First sex offender moves in
THE first convicted sex offender is due to move into a purpose-built house north of Rockhampton today.
Queensland Corrective Services has confirmed that a man who was serving seven years for a number of crimes including sexual offences will be the first resident of the “contingency accommodation” in the grounds of the city’s prison at Etna Creek.
The controversial pre-fabricated house has been built for prisoners convicted of serious sex crimes, released under supervision orders.
The department says the man, who was sentenced in 2003, is under a supervision order for 10 years with a total of 45 conditions restricting his movements and activities.
Opponents have argued for months that security and monitoring at the controversial accommodation is inadequate for the dangerous sexual predators who will call it home.
Cr Glenda Mather, who campaigned tirelessly against the State Government decision to locate the home so close to a residential area, described it as a dark day for the Rockhampton region.
“From today, parents will have to constantly look over their shoulders at who might be lurking in the shadows,” she said.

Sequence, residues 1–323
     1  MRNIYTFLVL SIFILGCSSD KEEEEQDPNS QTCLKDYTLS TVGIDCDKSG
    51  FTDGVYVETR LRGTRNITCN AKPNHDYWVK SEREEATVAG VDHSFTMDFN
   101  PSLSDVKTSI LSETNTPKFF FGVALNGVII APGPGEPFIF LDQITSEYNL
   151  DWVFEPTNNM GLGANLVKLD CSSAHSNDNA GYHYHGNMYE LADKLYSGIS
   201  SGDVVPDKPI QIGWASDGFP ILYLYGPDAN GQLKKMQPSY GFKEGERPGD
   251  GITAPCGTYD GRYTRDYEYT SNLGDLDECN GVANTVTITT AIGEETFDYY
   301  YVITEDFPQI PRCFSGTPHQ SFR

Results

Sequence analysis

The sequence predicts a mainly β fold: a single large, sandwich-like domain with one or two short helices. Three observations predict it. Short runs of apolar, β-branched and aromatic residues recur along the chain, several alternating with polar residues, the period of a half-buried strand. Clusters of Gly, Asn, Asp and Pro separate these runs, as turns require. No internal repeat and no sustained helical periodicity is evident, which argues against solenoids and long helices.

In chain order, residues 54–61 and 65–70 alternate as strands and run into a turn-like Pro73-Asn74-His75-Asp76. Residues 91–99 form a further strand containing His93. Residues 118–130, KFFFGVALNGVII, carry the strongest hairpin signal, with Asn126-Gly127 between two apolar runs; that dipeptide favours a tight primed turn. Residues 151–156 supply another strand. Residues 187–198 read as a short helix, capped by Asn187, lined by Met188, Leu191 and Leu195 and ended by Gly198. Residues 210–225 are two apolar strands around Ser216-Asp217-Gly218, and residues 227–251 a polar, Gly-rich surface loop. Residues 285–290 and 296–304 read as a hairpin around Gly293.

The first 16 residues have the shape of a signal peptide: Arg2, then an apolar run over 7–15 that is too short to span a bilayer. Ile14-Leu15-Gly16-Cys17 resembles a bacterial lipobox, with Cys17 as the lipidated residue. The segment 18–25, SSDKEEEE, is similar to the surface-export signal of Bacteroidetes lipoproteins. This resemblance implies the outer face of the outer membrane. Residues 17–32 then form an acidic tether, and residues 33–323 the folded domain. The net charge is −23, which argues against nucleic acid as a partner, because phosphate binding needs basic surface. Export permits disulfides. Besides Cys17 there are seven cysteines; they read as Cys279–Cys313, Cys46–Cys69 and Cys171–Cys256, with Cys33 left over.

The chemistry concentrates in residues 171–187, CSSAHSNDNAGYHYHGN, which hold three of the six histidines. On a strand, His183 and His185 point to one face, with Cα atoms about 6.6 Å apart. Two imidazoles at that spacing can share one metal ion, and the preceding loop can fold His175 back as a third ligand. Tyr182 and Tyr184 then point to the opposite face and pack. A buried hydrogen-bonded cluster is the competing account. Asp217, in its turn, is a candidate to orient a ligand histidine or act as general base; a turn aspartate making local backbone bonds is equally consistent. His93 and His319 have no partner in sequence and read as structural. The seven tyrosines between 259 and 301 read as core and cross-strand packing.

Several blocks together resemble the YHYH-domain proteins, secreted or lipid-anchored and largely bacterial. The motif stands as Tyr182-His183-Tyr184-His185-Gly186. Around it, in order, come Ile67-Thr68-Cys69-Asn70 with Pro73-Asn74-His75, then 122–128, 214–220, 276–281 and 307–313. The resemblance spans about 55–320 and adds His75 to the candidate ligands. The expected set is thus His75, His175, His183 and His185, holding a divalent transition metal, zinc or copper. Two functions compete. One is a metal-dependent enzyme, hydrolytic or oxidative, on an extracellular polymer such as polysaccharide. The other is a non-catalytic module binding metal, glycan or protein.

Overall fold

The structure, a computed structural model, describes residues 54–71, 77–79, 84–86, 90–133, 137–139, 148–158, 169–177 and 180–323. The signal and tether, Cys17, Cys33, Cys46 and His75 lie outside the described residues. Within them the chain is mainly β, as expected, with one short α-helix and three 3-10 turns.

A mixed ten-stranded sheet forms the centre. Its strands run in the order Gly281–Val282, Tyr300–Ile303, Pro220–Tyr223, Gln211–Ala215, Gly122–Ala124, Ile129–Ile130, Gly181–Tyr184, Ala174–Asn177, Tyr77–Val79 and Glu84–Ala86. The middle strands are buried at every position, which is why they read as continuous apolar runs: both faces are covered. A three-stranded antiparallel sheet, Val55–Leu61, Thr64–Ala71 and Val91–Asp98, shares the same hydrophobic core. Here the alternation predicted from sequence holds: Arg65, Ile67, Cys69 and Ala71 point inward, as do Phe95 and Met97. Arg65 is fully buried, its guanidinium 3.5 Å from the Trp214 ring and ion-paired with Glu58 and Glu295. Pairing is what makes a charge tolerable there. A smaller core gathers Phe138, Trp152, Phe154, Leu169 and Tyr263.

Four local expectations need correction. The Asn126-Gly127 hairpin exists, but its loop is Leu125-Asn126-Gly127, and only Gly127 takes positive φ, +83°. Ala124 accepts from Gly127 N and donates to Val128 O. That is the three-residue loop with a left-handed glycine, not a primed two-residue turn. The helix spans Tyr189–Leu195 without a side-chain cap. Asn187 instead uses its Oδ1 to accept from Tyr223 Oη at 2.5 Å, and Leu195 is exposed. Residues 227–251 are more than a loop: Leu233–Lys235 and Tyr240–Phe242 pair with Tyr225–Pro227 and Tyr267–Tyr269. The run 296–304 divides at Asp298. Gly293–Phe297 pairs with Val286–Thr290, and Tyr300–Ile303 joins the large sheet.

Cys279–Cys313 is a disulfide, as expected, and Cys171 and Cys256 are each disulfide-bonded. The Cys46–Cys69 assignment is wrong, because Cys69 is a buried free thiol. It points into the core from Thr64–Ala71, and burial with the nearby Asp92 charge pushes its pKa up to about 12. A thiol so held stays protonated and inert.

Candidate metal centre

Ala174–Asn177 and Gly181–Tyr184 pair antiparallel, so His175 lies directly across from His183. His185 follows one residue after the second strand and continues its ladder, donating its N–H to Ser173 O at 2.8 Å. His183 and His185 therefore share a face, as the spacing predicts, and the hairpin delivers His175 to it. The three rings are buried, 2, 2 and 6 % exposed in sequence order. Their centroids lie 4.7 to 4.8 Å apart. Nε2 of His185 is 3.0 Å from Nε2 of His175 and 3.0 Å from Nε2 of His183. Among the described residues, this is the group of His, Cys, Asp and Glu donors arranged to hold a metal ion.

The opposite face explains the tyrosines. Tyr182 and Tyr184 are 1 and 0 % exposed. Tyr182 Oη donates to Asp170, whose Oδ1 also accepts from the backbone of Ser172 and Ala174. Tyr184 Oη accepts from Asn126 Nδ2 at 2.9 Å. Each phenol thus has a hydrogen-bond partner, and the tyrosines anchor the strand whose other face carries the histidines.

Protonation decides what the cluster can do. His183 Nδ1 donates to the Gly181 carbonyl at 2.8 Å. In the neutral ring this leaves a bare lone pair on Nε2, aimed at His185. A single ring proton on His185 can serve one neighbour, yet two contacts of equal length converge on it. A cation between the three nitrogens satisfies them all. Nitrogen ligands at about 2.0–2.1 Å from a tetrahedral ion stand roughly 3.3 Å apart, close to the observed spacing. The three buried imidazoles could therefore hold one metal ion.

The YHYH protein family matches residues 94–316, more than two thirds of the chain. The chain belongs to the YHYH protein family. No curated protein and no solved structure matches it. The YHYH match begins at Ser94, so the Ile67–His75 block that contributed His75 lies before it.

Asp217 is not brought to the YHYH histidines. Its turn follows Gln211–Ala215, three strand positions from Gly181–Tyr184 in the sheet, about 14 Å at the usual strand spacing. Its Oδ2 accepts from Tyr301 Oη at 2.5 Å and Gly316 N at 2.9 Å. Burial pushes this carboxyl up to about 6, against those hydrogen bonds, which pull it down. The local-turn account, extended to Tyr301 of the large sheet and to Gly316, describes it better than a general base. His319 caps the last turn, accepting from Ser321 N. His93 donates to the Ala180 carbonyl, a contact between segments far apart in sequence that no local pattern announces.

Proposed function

“Women will feel less safe, children will be at greater risk from predators, and all because the Government chose Rockhampton as a dumping ground for some of the worst pedophiles and serial sex offenders.”
Cr Mather said understanding was that the property had been designed for up to three occupants.She continued: “I think today hammers another nail in the coffin of this Government.
“People have lost confidence, not only in the decisions it makes, but also because of its failure to communicate with communities and listen to what ordinary people say they want.”
Early in September, Member for Mirani Ted Malone presented a petition signed by 1450 to the Queensland Parliament.
The petition, raised by father of five Danny Quinn, called for MPs to overturn their decision to place the house at Etna Creek because of fears that children would be placed at risk.
But the department told The Morning Bulletin the offender would have restricted access to children and potential victims and would be closely monitored by prison staff.
He will have to provide schedules of his proposed movements, must engage in treatment to address his behaviour and will be tested regularly for substances.
He will also be subject to electronic monitoring, dog squad patrols and CCTV.